Madigan urges education secretary to strengthen oversight of for-profit colleges

By Bryan Cohen | Jun 7, 2013

CHICAGO (Legal Newsline) -- Illinois Attorney General Lisa Madigan urged U.S. Secretary of Education Arne Duncan Tuesday to increase regulation of for-profit colleges.

Madigan also filed comments with the Department of Education in support of requiring schools to make complete and accurate disclosures about job placement rates and making sure students can pay off loans.

The Attorney General's Office reviewed more than 1,500 student complaints related to the for-profit school industry's allegedly deceptive marketing and lending practices.

"Too often, with promises of higher-paying salaries and better job prospects, young people in Illinois and across the country have been lured into taking on huge amounts of debt to pursue diplomas at for-profit schools," Madigan said in a statement. "Yet, over and over again, many of these institutions' promises have proven empty, and young people have paid the price, going deeply into debt to pursue diplomas that leave them without better job prospects or higher salaries."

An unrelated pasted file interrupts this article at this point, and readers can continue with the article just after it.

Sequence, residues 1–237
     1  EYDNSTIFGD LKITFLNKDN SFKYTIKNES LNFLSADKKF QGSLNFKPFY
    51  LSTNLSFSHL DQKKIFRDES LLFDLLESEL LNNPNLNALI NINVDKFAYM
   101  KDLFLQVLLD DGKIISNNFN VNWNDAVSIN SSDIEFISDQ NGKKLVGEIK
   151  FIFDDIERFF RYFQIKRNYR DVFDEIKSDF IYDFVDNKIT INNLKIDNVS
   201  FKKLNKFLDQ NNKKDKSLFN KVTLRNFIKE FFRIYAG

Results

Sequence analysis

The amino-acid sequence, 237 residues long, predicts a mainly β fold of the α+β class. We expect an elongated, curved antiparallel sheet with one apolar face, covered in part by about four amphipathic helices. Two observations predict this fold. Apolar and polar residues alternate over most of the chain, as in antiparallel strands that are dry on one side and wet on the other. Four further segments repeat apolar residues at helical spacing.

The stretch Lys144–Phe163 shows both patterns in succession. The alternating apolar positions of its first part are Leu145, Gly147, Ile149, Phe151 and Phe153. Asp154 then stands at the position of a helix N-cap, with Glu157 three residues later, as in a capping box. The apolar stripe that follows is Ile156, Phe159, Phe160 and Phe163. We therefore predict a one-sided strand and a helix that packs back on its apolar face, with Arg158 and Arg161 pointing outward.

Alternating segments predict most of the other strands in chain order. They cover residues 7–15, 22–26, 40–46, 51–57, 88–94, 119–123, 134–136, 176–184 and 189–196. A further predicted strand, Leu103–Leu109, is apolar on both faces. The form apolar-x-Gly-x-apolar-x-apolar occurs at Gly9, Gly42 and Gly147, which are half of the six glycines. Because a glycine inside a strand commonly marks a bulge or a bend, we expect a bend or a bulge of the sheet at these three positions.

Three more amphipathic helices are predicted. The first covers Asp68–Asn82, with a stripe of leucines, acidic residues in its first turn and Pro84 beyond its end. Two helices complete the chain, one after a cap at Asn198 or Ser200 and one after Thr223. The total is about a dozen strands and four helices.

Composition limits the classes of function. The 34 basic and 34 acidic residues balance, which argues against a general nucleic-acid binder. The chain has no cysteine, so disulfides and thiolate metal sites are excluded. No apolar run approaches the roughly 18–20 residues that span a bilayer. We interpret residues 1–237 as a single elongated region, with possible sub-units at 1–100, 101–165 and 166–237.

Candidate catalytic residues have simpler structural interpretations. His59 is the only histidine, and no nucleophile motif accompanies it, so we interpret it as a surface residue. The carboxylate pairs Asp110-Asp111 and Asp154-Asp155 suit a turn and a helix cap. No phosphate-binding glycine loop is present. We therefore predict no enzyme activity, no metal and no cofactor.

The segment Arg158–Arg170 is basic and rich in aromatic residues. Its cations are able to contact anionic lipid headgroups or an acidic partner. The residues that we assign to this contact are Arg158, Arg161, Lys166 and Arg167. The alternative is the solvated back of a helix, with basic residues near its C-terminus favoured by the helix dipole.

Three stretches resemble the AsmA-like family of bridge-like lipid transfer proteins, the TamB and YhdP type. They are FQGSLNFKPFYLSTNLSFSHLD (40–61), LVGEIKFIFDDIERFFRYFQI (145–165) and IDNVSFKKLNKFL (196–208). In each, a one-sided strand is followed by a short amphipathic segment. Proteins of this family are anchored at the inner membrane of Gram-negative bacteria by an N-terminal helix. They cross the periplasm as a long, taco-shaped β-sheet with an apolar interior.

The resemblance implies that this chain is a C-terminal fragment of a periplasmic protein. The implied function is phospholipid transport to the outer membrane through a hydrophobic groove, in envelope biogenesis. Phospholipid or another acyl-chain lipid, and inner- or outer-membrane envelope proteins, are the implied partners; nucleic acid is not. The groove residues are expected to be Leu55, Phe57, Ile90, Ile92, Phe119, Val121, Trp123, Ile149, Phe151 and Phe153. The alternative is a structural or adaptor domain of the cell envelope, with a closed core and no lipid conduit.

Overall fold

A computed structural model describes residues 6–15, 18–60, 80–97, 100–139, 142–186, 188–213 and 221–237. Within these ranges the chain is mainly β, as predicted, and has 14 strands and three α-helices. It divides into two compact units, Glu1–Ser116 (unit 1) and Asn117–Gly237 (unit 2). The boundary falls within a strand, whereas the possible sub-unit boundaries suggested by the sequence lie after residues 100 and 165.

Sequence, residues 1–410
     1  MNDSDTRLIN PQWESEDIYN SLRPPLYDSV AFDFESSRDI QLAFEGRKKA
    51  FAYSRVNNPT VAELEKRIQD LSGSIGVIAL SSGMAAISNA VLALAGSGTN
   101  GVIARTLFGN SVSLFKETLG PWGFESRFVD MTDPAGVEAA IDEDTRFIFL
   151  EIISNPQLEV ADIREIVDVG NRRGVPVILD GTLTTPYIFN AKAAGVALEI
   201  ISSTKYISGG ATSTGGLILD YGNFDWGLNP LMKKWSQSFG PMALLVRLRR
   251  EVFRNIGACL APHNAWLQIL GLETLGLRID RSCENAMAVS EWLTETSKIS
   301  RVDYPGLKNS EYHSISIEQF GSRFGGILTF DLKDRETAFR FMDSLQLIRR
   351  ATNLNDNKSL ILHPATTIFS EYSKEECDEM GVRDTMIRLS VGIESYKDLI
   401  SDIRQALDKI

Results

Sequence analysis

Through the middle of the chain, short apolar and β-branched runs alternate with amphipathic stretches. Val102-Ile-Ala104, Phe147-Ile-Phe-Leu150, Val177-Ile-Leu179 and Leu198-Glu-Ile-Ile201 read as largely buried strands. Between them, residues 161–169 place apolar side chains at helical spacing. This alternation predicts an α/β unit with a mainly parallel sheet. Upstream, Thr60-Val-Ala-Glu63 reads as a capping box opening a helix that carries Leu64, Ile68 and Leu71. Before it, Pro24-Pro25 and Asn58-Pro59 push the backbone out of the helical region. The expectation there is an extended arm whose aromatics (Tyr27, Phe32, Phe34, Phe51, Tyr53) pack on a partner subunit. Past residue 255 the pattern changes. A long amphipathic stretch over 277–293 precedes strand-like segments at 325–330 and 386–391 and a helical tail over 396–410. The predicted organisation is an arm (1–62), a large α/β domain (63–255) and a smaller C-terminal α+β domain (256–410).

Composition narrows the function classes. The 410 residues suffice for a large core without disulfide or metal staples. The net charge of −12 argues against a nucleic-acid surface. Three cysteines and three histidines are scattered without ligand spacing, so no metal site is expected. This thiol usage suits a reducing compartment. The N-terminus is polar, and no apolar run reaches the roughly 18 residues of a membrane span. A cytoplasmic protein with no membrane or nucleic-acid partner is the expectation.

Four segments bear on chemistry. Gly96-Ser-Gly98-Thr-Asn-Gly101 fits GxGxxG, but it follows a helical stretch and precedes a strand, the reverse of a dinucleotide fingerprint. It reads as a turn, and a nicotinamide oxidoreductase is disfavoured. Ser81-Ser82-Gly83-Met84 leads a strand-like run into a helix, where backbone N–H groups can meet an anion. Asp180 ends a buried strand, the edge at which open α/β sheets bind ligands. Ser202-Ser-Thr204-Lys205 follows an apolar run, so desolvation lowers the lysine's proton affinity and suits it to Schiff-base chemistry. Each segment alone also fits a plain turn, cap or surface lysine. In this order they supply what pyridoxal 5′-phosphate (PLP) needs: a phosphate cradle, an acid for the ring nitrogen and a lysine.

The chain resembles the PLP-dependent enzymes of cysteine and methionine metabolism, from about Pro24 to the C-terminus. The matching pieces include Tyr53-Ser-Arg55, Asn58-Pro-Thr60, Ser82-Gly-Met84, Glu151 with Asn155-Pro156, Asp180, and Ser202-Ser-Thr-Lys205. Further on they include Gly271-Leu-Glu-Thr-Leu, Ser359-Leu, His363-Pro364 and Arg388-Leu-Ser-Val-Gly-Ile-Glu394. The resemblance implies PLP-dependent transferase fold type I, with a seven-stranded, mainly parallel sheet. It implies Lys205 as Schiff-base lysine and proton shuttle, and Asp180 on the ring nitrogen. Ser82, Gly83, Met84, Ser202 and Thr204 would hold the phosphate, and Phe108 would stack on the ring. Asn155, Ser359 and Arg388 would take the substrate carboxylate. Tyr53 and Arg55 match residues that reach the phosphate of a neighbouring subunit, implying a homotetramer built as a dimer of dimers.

While many for-profit colleges and universities are eligible to receive Federal Student Aid by providing programs to help students receive "gainful employment," the attorney general said more clarity is needed to define "gainful employment."

Madigan recommends that for-profit schools be required to meet thresholds for their students' debt-to-income ratios and repayment rates, make clear job placement disclosures and provide students with clear, understandable disclosures about programmatic accreditations.

She also recommended that for-profit schools be restricted from finding new accreditors after a previous accreditor cites the schools for poor practices.

The comments filed Thursday are part of Madigan's ongoing effort to address abusive advertising and marketing tactics in the for-profit school industry. The attorney general has filed multiple lawsuits against allegedly abusive for-profit schools and testified before Congress on growing concerns about the industry.

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